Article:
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Canadian-born, I fell in love with clay soon after discovering the medium. Reared on the prairie, my first ceramic piece was made at our farm; a mold of my horses’ hoof print! After receiving an undergraduate degree from the University of Manitoba I encountered many art teachers. First introduced to raku in San Francisco in the 1980’s, I then studied hand-building in Germany and perfected wheel skills with Valerie Metcalfe in Winnipeg. Since the early 1990’s North Carolina has been the crucible of my creativity. Art Professor Yun-Dong Nam at UNC Chapel Hill challenged my sculptural abilities. I had two great mentors: the late Sally Bowen Prange and iconic master Paul Soldner.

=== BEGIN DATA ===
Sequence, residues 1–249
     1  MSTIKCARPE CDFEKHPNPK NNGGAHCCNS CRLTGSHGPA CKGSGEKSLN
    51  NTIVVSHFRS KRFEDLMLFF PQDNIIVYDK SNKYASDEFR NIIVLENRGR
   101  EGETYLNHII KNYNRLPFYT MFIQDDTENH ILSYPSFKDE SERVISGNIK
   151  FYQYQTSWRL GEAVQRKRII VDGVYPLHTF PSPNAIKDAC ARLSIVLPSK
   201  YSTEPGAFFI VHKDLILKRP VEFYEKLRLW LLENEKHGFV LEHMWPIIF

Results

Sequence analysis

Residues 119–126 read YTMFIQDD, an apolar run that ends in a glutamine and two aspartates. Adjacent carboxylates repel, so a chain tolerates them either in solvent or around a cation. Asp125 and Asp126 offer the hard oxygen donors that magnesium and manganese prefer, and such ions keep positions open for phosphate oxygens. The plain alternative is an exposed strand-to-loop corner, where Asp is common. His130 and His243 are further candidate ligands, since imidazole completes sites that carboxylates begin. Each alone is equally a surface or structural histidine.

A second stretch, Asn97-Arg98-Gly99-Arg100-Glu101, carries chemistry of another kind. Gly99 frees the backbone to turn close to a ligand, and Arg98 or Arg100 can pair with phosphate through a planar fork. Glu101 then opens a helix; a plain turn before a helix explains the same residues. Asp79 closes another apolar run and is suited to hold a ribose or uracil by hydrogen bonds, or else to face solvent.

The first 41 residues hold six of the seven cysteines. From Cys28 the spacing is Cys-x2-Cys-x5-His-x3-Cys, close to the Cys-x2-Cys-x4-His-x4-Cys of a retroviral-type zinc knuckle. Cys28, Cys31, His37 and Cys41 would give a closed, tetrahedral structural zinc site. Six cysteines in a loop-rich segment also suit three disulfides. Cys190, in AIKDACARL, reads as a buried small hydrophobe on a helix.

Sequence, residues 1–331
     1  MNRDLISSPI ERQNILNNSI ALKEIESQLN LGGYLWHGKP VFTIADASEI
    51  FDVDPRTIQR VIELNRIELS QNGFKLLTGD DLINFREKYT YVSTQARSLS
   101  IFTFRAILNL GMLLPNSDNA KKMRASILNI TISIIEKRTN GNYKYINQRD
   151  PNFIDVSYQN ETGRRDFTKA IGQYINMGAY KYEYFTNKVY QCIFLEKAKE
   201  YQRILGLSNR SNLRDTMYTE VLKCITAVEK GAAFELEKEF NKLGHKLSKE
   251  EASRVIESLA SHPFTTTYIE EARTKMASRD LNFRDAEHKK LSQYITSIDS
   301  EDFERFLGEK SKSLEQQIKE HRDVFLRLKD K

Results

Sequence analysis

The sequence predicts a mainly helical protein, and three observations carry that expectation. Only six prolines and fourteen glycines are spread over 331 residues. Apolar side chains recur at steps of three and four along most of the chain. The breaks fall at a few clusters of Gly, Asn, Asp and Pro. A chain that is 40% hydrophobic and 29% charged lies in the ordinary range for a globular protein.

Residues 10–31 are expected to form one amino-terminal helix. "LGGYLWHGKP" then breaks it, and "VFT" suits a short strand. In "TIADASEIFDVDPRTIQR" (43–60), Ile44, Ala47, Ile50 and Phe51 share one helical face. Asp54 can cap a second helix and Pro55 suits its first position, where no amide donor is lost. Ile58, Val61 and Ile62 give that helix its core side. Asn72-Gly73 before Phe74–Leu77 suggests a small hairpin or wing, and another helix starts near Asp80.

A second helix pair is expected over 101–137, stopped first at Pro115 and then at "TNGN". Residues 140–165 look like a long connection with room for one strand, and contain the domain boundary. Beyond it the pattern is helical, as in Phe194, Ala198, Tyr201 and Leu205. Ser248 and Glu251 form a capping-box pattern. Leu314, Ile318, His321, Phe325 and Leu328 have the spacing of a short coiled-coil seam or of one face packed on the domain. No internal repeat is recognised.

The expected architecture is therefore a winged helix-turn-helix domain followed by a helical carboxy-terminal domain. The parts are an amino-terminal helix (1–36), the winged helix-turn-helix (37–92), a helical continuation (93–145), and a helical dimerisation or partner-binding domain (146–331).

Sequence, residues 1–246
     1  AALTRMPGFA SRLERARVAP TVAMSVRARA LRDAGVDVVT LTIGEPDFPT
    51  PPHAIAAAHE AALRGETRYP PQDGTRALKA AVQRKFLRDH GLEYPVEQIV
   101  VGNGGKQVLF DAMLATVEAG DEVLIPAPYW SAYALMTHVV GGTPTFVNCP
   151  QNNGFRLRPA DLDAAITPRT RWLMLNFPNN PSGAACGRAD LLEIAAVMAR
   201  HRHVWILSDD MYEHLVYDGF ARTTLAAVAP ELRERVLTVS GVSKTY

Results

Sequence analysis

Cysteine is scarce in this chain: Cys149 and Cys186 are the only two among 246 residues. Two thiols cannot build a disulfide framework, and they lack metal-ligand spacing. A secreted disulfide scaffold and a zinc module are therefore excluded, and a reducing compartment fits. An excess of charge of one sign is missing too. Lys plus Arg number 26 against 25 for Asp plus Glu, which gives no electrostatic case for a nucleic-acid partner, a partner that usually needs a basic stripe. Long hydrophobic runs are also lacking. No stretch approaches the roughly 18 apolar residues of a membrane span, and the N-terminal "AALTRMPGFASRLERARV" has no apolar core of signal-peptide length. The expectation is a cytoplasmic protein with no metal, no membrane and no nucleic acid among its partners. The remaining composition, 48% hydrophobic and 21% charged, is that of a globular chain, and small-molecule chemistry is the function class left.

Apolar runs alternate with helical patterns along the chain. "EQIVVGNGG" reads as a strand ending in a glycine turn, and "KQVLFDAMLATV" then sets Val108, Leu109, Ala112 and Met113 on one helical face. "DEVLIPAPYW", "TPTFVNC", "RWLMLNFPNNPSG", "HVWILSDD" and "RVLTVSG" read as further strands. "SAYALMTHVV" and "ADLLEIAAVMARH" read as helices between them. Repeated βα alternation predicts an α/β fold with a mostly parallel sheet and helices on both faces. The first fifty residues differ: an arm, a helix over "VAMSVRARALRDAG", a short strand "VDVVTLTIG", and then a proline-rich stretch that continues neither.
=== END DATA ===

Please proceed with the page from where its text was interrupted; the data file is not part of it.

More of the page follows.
Raku is a Japanese term implying ease and spontaneity. This ceramic technique has its origins in 16th century Japan, traditionally used in the tea ceremony. The process includes rapid kiln firing and smoking the clay, generating dynamic chemical changes and sensuous surface effects. The volatility of the process imprints on my work. Originating with simplicity, raku invites one to release control and embrace change.
It’s this element of surprise that makes raku so interesting. I create glazes and experiment with alternative firing methods using metallic lusters, crackling, and smoke-blackening effects. While attempting to maintain elements of traditional forms my work incorporates an inventive perspective by transcending accepted conventions.
Raku philosophy reminds one there are very few mistakes and many opportunities for growth. My work reveals new forms when viewed from different angles, with reflective properties of the glaze further embellishing the viewer’s experience. It’s in the eye of the beholder. Enjoy!